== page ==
A news of great relief for Colorado’s oil and gas industry came on Monday as Colorado’s Supreme Court ruled in favor of oil and gas companies which after the decision won’t require environmental permits from Colorado Oil and Gas Commission (COGCC). The Martinez case which dragged on for years has seen some major ups and downs through its journey before coming to this decision.
The issue which started when Xiuhtezcatl Martinez an 18 year old student and environmental activist who in 2013 with the help of 6 other young students filed a petition to the COGCC which regulates all oil drillings in the state of Colorado. The petition asked the regulator that before issuing permits to drill oil and gas to corporations environmental impact assessment should be carried out by using scientifically demonstrable methods and by an independent third party to ensure that no environmental damage occurs. The commission rebuffed the petition by saying that their job is to balance environmental and industry concerns and not to give one more priority over other.
The young activists went to the trial court level but lost again. But they were far from being subdued, in 2017 a panel of Colorado Appeals Court judges in a landmark ruling for oil and gas industry ruled in favor of the activists and reversed the trial court’s ruling. The Appeals Court judges ruled in favor of compulsory environmental impact based permits based on a 41 word passage in the state law as following :“utilization of the natural resources of oil and gas in the state of Colorado in a manner consistent with protection of public health, safety, and welfare, including protection of the environment and wildlife resources’’.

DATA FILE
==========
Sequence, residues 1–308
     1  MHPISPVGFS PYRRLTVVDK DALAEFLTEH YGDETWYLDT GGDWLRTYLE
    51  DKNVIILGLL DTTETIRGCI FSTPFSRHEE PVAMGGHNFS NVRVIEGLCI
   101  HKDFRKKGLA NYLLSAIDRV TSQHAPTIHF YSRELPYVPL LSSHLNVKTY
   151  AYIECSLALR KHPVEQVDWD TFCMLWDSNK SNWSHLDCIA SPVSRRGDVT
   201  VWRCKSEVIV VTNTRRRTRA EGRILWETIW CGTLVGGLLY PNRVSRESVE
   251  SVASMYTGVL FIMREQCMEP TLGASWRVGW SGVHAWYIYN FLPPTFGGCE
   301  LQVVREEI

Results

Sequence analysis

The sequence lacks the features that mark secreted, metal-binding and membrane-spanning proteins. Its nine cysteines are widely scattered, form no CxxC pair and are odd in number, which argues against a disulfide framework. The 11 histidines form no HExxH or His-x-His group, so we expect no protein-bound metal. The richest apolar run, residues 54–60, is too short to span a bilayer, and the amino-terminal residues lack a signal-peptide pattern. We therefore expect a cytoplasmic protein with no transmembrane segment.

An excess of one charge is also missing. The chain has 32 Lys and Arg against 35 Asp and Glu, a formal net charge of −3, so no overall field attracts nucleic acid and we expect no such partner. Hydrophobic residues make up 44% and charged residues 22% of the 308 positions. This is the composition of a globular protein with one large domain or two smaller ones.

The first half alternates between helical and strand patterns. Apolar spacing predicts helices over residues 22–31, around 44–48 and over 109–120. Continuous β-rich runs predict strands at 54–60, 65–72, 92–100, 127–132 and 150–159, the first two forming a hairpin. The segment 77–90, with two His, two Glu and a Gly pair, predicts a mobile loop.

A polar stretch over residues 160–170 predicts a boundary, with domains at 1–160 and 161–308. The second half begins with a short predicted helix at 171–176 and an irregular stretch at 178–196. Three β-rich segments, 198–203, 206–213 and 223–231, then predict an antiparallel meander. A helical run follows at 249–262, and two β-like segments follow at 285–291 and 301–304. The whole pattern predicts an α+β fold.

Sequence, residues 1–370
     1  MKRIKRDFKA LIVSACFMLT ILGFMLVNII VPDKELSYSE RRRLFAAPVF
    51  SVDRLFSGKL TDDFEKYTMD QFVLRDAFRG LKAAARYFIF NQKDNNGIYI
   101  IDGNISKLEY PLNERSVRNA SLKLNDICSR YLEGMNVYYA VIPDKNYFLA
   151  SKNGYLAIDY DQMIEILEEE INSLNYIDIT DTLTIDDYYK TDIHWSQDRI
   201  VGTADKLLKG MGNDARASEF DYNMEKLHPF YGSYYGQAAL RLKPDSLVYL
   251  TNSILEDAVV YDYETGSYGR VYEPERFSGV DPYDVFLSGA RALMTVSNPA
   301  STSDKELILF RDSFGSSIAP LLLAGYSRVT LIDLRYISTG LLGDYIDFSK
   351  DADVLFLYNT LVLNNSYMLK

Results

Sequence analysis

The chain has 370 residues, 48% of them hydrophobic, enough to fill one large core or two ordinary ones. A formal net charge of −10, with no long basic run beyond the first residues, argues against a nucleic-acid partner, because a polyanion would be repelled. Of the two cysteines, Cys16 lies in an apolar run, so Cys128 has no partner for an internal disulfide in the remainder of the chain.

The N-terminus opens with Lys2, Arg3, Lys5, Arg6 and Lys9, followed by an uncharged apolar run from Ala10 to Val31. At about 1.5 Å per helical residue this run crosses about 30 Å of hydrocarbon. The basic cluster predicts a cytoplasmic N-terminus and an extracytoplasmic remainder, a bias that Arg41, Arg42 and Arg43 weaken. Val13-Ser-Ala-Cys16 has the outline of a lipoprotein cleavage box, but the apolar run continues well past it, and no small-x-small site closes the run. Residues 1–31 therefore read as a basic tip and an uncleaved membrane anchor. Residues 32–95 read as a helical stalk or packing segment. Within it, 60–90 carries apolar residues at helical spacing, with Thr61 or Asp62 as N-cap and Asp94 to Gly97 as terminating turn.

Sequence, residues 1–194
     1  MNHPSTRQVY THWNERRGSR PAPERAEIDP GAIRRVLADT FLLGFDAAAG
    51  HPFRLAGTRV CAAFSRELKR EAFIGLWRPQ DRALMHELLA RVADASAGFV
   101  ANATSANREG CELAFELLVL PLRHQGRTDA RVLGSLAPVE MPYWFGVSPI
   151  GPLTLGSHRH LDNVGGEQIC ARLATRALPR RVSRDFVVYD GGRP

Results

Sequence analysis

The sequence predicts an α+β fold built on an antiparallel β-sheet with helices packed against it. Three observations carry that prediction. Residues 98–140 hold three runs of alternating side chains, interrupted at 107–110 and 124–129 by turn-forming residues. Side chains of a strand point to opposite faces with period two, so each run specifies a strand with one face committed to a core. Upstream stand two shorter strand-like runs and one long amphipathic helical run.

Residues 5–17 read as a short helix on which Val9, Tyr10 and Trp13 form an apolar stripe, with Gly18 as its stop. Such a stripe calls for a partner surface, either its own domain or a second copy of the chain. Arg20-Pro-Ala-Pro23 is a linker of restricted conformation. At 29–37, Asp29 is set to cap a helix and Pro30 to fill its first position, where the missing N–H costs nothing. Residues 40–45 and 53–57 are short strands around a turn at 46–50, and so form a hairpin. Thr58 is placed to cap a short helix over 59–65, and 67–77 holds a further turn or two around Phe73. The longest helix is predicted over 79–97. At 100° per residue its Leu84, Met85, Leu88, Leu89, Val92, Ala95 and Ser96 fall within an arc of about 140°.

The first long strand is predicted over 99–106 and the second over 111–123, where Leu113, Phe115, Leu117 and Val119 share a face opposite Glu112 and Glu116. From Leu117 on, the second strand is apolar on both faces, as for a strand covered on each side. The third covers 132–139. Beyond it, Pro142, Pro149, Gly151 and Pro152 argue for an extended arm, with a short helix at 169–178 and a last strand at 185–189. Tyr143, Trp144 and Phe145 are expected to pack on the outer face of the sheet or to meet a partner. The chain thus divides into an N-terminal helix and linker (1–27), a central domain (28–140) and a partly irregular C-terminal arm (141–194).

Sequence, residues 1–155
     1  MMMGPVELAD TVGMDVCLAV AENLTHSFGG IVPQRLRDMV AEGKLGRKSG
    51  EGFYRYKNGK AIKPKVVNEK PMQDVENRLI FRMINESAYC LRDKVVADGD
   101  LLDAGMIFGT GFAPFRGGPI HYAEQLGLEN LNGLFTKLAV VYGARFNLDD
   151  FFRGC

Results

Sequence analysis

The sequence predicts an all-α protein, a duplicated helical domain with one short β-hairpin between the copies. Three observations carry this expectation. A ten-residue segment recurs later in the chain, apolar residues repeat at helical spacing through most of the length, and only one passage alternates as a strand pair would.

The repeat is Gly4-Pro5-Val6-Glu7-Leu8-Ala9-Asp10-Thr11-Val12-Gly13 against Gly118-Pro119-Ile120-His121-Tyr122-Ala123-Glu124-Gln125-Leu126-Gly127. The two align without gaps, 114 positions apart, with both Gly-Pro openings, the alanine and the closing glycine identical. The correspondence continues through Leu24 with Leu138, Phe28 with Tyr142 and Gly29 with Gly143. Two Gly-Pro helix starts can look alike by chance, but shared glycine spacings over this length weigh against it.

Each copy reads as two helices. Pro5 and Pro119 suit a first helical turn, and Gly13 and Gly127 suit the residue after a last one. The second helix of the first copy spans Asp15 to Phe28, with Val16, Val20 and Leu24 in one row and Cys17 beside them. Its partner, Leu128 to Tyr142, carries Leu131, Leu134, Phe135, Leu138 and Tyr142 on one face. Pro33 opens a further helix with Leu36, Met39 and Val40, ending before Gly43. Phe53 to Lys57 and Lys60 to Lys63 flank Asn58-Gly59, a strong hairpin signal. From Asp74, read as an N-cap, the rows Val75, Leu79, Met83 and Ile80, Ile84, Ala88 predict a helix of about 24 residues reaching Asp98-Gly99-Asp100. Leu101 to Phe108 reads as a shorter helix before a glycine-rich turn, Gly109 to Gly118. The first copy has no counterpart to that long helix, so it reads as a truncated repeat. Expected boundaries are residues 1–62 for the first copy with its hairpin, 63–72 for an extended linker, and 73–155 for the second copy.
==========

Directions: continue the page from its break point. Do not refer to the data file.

The court said that the wording ‘in consistent with’ explicitly requires the state to consider environmental impact as a prerequisite for permit approvals. This came as a shock to the oil and gas industry, but the new ruling by the state Supreme Court reverses this judgment. The court said that the wording only suggests striking balance between competing interests and it should not be taken as an order of priority.
Martinez said that the ruling was not surprising at all but very disappointing indeed. The activist along with others have complained of gross and persistent neglect by state authorities to address the concerns of environmental activists. The ruling has been received differently by the opposing factions of the tussle mainly environmental groups and oil industry.
Members of the oil industry have welcomed the ruling which came as a major relief for them. Colorado Petroleum Council’s executive director Tracee Bentley said that the ruling is ‘positive for all Coloradans’ and expressed that the ruling will ensure development of energy in Colorado and United States.
As more and more people have expressed the inadequacy of the law to protect public safety and environment, Democratic lawmakers are planning to introduce legislation which will force COGCC to consider health and public safety in priority over others while doling out drilling permits.